On the topic of employee engagement, I interviewed senior HR executive Paul Falcone, bestselling author of a number of  books, including 101 Tough Conversations to Have with Employees, 101 Sample Write-Ups for Documenting Employee Performance Problems, and 96 Great Interview Questions to Ask Before You Hire.

JATHAN JANOVE: What is your definition of employee engagement?

PAUL FALCONE: Employee engagement is more than employee satisfaction. Engagement entails a true interest in and connection to the business and individuals’ ability to positively impact their company’s performance.

JJ: What is the current level of employee engagement in America’s corporations?

PF: Very low—perhaps at an all-time low in terms of recent memory. The middle class is exhausted. They’ve been through intense volatility not just in their 401(k) investment portfolios but in their careers as well. Prospects of new job growth in this “jobless recovery” are worrisome, and there isn’t much of an end in sight.

JJ: How different is the current situation from ones in the past?

PF: The market of the late ‘90s was manic—companies couldn’t retain people who were off to better and brighter futures in the dotcom bubble. From 2000-2003, the labor market was depressed: You were stressed if you lost your job, and you felt guilty for feeling overworked if you had one. From 2004-2007, the market went manic again, and there just weren’t enough people to keep up with the expansion. And then from 2008 to the present, we hit an incredibly strong downturn that we’re still reeling from.

JJ: How does this state of things impact the way people approach work?

PF: Unfortunately you don’t always see the best side of humanity when people are worried that they’re going to lose their jobs, so the workplace has become less friendly in many respects. People’s careers have been whipsawed over the past decade, and it’s very difficult to motivate yourself when you’re not seeing the best in others and generally worried about your own job security.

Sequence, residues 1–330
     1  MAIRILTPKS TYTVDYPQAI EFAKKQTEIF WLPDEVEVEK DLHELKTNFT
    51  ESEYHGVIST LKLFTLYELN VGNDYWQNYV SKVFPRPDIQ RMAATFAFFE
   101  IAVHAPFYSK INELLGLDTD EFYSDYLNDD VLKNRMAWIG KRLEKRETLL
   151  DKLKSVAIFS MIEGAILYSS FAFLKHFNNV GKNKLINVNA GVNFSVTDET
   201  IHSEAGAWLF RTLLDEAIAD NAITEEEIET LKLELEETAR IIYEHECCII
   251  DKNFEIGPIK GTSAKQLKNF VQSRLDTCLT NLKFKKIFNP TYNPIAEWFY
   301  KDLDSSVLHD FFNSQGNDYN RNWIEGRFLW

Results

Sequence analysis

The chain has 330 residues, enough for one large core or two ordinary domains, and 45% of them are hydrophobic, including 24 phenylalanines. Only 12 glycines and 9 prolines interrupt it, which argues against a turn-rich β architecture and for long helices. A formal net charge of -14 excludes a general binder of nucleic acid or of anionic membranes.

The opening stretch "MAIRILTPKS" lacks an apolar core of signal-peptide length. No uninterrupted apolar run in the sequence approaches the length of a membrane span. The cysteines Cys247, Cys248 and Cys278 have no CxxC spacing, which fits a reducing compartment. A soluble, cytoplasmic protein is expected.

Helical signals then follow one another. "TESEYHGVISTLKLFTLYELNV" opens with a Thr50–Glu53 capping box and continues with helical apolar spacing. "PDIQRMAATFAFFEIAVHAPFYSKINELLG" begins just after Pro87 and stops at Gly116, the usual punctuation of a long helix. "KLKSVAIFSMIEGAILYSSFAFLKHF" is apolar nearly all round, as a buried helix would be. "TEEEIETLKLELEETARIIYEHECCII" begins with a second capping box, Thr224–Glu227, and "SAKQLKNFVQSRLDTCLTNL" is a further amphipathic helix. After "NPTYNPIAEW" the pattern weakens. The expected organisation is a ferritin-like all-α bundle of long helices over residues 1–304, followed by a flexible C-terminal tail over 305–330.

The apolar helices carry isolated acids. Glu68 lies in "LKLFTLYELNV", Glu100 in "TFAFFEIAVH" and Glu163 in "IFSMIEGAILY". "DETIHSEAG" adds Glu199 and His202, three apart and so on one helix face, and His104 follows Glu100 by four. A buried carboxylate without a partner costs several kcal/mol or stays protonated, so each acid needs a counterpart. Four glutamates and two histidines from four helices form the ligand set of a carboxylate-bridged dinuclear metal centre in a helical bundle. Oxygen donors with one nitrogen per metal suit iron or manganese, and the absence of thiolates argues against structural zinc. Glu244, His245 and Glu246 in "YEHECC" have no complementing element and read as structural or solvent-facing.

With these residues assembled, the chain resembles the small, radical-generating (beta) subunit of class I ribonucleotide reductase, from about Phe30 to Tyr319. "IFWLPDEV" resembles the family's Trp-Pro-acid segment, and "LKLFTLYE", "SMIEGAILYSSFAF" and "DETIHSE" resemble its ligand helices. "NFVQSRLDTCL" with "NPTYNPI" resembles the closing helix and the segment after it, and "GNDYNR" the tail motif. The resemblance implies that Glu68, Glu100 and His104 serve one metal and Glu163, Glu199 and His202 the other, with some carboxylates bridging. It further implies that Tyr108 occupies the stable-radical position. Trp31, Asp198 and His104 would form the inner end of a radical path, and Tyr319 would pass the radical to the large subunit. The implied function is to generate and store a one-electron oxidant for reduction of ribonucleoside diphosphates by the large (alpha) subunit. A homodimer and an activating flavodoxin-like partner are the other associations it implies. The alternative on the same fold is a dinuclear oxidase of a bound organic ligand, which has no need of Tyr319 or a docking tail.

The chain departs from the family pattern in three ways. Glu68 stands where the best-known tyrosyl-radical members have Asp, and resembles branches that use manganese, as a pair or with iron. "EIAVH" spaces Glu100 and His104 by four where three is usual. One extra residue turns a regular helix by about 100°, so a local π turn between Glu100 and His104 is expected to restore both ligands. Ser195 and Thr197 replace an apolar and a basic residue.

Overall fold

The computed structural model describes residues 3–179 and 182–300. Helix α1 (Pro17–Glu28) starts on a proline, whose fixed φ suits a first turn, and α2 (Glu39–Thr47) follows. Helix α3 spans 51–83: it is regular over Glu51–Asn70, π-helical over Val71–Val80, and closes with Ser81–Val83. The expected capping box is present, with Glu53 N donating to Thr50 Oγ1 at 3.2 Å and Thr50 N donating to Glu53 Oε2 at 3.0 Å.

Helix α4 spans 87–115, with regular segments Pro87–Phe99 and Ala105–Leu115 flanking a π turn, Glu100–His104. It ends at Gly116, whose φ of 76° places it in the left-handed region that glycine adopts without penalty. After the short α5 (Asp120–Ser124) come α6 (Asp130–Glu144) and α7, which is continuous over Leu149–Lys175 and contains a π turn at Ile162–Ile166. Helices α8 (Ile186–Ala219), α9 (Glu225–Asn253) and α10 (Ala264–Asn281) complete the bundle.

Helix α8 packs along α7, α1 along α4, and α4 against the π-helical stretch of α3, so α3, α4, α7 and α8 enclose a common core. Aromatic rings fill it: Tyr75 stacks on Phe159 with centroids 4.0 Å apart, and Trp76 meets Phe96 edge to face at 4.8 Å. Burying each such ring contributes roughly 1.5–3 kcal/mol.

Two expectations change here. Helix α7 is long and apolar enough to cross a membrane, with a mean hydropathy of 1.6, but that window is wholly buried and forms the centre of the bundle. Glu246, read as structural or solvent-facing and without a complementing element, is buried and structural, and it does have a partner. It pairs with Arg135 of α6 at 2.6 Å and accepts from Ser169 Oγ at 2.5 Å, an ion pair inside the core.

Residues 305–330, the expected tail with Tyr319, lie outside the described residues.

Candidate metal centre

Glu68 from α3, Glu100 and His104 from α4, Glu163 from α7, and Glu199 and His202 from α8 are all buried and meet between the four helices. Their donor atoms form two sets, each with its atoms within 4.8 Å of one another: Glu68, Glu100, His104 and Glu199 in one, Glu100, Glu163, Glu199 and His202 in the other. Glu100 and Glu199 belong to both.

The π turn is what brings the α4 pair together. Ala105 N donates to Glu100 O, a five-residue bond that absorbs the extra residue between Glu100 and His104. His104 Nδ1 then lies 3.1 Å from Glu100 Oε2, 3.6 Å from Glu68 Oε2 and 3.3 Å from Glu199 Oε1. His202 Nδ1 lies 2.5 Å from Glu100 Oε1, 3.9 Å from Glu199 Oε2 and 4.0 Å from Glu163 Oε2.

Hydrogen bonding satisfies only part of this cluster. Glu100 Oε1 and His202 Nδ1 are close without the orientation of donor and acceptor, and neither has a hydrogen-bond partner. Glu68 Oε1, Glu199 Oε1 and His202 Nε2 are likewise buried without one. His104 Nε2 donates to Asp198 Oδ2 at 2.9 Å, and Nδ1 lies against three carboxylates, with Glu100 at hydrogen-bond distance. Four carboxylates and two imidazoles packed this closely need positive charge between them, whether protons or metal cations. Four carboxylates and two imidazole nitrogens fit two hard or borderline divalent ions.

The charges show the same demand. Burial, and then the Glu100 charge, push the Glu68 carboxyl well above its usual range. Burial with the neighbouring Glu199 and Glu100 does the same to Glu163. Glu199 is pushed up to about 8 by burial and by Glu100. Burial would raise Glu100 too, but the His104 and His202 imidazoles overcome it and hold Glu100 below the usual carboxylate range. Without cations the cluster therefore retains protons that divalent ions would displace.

JJ: What else is contributing to the problem?

PF: Companies aren’t taking the time to seize the opportunity to strengthen their relationships with their workers. Head counts have been cut severely in light of technology and globalization trends, and we’ve become more of a “haves” vs. “have nots” society where the mentality that “if you have a job, you’re lucky” has taken hold. Wisdom should tell us that we’re all in this together and need to support one another, but unfortunately we’re not seeing this in the workplace or on Capitol Hill.

People are likewise frustrated with the level of executive pay, especially when CEOs seem to be taking a short-term focus to cutting costs (especially payroll) with no longer-term strategy for what’s best for the company, country, or its workers. CEOs fail after 18 months and walk away with wheelbarrows full of money, and this is coming at the expense of the middle class’s job security and, in a broader sense, way of life, which many now feel may be in jeopardy.

JJ: What are the most important steps that companies can take to improve the level of employee engagement in their organizations?

PF: Company leadership needs to stand up and act in a much more selfless, benevolent, and caring capacity. The mistake that many managers in corporate America make is in thinking that they have to “do something” to motivate their teams. In reality, motivation is internal, and they don’t have to “do” anything to help employees feel engaged and invigorated—they simply have to “be something” to motivate and re-engage staff—and it doesn’t cost a penny.

JJ: Can you give me an example?